Prolonged TV viewing linked to eight leading causes of death in US
On average, 80% of American adults watch 3.5 hours of television per day and multiple observational studies have demonstrated a link between TV viewing and poorer health. In this new study published in the December issue of the American Journal of Preventive Medicine, investigators reported an association between increasing hours of television viewing per day and increasing risk of death from most of the major causes of death in the United States.
30 oct 2015--Virtually all Americans (92%) have a television at home and watching TV consumes more than half of their available leisure time, potentially displacing more physical activities. Previous studies had reported a relationship between TV viewing and elevated risk of death from cancer and cardiovascular disease. In this study, researchers at the National Cancer Institute looked at more than 221,000 individuals aged 50-71 years old who were free of chronic disease at study entry. They confirmed the association for higher mortality risk from cancer and heart disease. In addition, they identified new associations with higher risk of death from most of the leading causes of death in the U.S., such as, diabetes, influenza/pneumonia, Parkinson's disease, and liver disease.
"We know that television viewing is the most prevalent leisure-time sedentary behavior and our working hypothesis is that it is an indicator of overall physical inactivity. In this context, our results fit within a growing body of research indicating that too much sitting can have many different adverse health effects," explained lead investigator Sarah K. Keadle, PhD, MPH, Cancer Prevention Fellow, Nutritional Epidemiology Branch, Division of Cancer Epidemiology and Genetics, National Cancer Institute.
Dr. Keadle cautioned that although each of the associations observed have plausible biological mechanisms, several associations are being reported for the first time and additional research is needed to replicate these findings and to understand the associations more completely. "Our study has generated new clues about the role of sedentary behavior and health and we hope that it will spur additional research."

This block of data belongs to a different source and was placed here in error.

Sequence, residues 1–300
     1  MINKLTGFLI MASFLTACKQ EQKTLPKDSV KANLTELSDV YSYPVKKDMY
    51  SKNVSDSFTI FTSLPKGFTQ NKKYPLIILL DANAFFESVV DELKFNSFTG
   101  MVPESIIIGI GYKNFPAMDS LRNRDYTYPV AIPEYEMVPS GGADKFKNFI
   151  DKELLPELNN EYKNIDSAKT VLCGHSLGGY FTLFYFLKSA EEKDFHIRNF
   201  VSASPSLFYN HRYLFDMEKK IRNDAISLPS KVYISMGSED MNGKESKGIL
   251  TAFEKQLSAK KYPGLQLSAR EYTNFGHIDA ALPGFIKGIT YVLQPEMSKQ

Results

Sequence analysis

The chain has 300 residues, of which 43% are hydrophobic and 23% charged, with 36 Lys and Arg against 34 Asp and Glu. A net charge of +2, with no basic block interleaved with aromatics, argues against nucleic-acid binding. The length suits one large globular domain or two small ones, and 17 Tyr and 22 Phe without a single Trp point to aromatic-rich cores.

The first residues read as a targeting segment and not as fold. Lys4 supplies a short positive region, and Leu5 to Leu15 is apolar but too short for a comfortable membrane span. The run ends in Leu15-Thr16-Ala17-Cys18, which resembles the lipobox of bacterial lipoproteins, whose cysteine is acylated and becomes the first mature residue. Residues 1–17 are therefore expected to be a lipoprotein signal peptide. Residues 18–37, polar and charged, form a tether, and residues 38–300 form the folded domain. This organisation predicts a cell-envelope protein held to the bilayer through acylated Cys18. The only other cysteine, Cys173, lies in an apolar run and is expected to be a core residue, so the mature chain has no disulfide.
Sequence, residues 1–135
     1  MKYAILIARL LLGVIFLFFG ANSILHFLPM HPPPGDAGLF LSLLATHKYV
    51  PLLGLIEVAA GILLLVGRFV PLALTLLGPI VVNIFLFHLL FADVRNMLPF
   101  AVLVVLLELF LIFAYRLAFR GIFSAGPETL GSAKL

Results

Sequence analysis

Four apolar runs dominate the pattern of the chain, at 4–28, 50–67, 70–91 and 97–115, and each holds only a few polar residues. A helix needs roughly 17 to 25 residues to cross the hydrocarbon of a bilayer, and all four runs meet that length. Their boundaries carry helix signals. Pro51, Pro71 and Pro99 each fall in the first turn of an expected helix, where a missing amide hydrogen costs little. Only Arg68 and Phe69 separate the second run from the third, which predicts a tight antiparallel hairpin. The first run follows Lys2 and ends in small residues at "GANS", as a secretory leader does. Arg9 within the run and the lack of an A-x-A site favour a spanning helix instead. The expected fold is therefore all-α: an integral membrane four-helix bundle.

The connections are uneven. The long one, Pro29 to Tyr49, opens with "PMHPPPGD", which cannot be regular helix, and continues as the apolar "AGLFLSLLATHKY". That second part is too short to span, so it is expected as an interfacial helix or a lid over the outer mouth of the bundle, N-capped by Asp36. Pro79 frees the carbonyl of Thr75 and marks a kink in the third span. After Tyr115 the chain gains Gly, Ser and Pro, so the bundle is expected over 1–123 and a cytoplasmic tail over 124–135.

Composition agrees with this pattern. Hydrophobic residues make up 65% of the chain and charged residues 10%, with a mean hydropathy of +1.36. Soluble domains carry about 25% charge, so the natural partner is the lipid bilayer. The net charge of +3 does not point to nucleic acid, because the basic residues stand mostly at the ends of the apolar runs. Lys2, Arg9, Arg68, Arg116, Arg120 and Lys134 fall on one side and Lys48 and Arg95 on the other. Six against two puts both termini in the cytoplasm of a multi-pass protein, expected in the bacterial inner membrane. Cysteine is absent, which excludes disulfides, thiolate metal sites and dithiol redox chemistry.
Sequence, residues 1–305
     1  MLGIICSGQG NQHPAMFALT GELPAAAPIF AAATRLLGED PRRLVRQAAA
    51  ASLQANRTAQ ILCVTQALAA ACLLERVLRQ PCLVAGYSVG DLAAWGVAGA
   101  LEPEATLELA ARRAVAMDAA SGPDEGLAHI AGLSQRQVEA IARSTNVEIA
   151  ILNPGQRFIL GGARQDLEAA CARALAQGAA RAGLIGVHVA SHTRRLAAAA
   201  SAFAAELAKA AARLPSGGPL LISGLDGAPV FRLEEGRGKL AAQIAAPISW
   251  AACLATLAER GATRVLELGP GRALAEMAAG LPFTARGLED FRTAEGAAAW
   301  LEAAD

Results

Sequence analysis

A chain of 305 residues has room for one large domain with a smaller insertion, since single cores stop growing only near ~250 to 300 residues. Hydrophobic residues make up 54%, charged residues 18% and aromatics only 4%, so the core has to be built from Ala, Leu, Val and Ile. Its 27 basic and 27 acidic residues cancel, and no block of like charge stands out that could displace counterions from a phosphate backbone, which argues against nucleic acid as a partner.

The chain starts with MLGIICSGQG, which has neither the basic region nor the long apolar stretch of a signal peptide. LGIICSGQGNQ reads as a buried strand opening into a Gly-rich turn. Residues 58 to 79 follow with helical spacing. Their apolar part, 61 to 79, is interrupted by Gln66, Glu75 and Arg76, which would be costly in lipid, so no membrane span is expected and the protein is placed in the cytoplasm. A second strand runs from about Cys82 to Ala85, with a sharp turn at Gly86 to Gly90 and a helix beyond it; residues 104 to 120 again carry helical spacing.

The study found that compared to those who watched less than one hour per day, individuals who reported watching 3-4 hours of television watching per day were 15% more likely to die from any cause; those who watched 7 or more hours were 47% more likely to die over the study period. Risk began to increase at 3-4 hours per day for most causes they examined. The investigators took a number of other factors into consideration that might explain the associations observed, such as caloric and alcohol intake, smoking, and the health status of the population, but when they controlled for these factors in statistical models, the associations remained.
Another important finding of the study is that the detrimental effects of TV viewing extended to both active and inactive individuals, "Although we found that exercise did not fully eliminate risks associated with prolonged television viewing, certainly for those who want to reduce their sedentary television viewing, exercise should be the first choice to replace that previously inactive time," said Dr. Keadle.
Investigators caution that more research is needed to explore connection between TV viewing and mortality and whether these same associations are found when we consider sitting in other contexts, such as driving, working, or doing other sedentary leisure-time activities. "Older adults watch the most TV of any demographic group in the U.S.," concluded Dr. Keadle. "Given the increasing age of the population, the high prevalence of TV viewing in leisure time, and the broad range of mortality outcomes for which risk appears to be increased, prolonged TV viewing may be a more important target for public health intervention than previously recognized."
More information: Sarah K. Keadle et al. Causes of Death Associated With Prolonged TV Viewing, American Journal of Preventive Medicine (2015). DOI: 10.1016/j.amepre.2015.05.023
Provided by Elsevier